I am absolutely infatuated with my wedding ring. Sounds a bit vain and worldly, I know. But the truth is, it's absolutely perfect for me.
Photo courtesy of Ashwood Photography
I also adore my jeweler, Kristy at JK Jewelers. Her and her employee Ashley were wonderful at making sure I got exactly what I wanted and weren't afraid to tell me no, or give me more information so I could make the best decision for me.
Lately I've been receiving lots of compliments about my ring, and getting lots of comments on it as well. Grandma will be so upset I'm telling the world, but it's not something I'm ashamed of; in fact, it's something I think more people should know. So here goes.
I love the fire of a diamond. The way the facets work together to create a brilliance that can be altogether breathtaking. But when it came to getting a ring I knew the cut I wanted was extremely expensive because it's unique and difficult to get right. My solitaire ring features a 7 trillion. Because of it's shape it looks like it could probably be a 1.5 carat, but they're measured differently (again because of the unique shape). I started developing the concept behind my ring when I was 15 years old. That's a story for another time and place. Suffice it to say I wanted a solitaire trillion on a by-pass band (the band doesn't form a complete circle, it passes by the two parts that would complete the band).
As I grew up I was exposed to some seriously disconcerting information. First, I read the book A Long Way Gone: Memoirs of a Boy Soldier by Ishmael Beah (you can read more about that here). I also watched the film Blood Diamond . What I read and heard stuck with me. So I did more research.
Blood Diamond is not just a catchy movie title, it's a literal object.
The U.N. has some information, but you can see it hasn't been updated since 2001, and reads somewhat like ancient history. The truth is, the issues with blood diamonds are prevalent today, and are just as much a threat to peace and stability as they have always been. In spite of the Kimberley Certification Process Scheme (you can read more about that in this article on Wikipedia, as well as the on-going history of blood diamonds) of 2000 the blood has not ceased flowing for the sake of diamonds.
If you've bothered following any of these links you have learned that purchasing diamonds from non-certified countries supports drug and war lords who, in turn, run armies of children, cut off the limbs of individuals who will not help them, and use sexual abuse against children and women to gain their goals. Many of them seek for power and use vast stores of weapons and drugs to achieve their means.
You may think, "But I bought my jewelry from _______(insert national chain here)." They verify that their diamonds are conflict free." The sad fact is, diamonds are smuggled across borders from non-certified countries to certified countries, exported as their own (even though the numbers clearly do not add up for numbers mined versus numbers exported), are mixed with the conflict-free stones, and sold on the market. Congratulations, the drug/war-lord has been financed.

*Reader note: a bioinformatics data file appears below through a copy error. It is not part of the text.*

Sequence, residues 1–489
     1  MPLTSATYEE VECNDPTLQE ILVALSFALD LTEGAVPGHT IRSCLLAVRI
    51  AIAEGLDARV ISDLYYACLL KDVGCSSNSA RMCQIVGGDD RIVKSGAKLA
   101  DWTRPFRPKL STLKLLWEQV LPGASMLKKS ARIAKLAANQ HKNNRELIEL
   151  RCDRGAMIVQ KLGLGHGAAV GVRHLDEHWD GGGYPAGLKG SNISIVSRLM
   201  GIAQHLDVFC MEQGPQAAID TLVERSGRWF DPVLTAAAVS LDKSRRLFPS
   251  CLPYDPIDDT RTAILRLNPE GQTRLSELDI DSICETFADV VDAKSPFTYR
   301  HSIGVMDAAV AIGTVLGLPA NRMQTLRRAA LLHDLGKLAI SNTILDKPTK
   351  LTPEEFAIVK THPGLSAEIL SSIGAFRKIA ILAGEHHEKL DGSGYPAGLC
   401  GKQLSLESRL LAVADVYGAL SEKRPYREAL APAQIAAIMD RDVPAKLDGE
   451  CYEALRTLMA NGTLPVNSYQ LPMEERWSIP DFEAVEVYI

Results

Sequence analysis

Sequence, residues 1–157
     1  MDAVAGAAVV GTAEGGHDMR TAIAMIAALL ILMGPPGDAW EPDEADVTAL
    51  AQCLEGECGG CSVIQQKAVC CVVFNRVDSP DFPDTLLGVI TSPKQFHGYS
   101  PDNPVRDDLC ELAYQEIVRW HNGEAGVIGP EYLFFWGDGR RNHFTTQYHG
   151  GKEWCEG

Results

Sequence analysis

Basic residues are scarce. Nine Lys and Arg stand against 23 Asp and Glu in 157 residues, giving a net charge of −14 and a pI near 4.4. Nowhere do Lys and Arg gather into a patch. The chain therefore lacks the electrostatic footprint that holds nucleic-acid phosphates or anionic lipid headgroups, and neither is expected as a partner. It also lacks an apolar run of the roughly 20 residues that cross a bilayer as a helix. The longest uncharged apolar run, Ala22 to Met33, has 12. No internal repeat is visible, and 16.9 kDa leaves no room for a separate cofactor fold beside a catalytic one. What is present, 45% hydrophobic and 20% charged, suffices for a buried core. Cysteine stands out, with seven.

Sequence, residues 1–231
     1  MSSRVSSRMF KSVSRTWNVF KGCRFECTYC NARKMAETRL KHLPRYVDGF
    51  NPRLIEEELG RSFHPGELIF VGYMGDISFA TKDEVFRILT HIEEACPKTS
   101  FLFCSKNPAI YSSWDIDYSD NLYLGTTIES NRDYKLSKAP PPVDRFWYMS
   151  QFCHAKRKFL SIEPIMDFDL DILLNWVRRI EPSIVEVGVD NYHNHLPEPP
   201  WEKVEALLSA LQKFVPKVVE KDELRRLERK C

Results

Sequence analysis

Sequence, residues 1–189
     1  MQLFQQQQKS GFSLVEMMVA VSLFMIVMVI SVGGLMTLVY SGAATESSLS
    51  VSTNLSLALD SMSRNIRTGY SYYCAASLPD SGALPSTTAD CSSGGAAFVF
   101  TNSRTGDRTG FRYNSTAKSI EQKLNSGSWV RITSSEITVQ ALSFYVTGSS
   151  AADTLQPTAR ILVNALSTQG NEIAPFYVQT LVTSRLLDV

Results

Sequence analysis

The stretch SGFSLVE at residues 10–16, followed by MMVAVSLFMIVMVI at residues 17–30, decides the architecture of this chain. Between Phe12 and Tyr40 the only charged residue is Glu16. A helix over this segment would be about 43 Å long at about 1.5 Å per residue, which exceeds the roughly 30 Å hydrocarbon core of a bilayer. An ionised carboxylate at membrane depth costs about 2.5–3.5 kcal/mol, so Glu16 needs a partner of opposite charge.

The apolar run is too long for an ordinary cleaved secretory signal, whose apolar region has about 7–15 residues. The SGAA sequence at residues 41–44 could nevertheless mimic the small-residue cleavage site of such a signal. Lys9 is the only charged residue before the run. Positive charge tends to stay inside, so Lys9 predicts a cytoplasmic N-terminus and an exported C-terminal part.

I am not saying that jewelers are the enemy, nor are people who purchase and like to wear diamonds. The enemy is greed and power. The enemy is a corrupt system which is willing to sacrifice human lives to line it's pockets with even more money. There are some articles, like this one, dedicated to helping the concerned consumer try to purchase conflict-free diamonds. Yet there is no guarantee unless you mine the stone yourself (good luck with that).
After I learned all this I could not, in good conscience, buy a diamond ring. So I opted for the truly conflict-free alternative. My ring is set with a cubic zirconia. To any trained jeweler's eye it is easily recognizable. But most people who look at my ring would never know the difference. They are cost effective, they are conflict-free, and they are, for all intents and purposes, a spot on match for a real diamond. My stone has perfect cut, color, and clarity. Not to mention I was able to go big without breaking the bank. A real diamond with a slight inclusion, less-than perfect coloring, and half the size of mine costs over $6,000 USD.
Instead I have a virtually flawless copy that I can replace every one to two years for maybe $40 USD. I could replace it every year for the rest of my life and still not spend a fraction of what a real one would cost. And I know that nobody had to die so I could enjoy my sparkle. There is the age-old retort, "But it's not real."
Well, here's what's real to me:
I work in a fairly global community. The English Village where I work in South Korea represents at least nine different countries. One co-worker, from a country rife with diamond conflict, overheard me talking about this and seemed surprised that I knew what I do, and cared enough to do something about it.
No. It's not real. And I can sleep with that.